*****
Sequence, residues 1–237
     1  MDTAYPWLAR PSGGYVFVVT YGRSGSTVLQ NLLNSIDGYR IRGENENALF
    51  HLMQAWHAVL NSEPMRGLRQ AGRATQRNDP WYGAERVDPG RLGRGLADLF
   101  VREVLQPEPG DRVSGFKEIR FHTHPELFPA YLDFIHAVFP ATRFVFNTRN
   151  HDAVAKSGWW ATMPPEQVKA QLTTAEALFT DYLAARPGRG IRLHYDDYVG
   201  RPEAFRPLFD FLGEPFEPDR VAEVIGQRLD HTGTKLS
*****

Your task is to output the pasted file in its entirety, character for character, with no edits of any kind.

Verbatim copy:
Sequence, residues 1–237
     1  MDTAYPWLAR PSGGYVFVVT YGRSGSTVLQ NLLNSIDGYR IRGENENALF
    51  HLMQAWHAVL NSEPMRGLRQ AGRATQRNDP WYGAERVDPG RLGRGLADLF
   101  VREVLQPEPG DRVSGFKEIR FHTHPELFPA YLDFIHAVFP ATRFVFNTRN
   151  HDAVAKSGWW ATMPPEQVKA QLTTAEALFT DYLAARPGRG IRLHYDDYVG
   201  RPEAFRPLFD FLGEPFEPDR VAEVIGQRLD HTGTKLS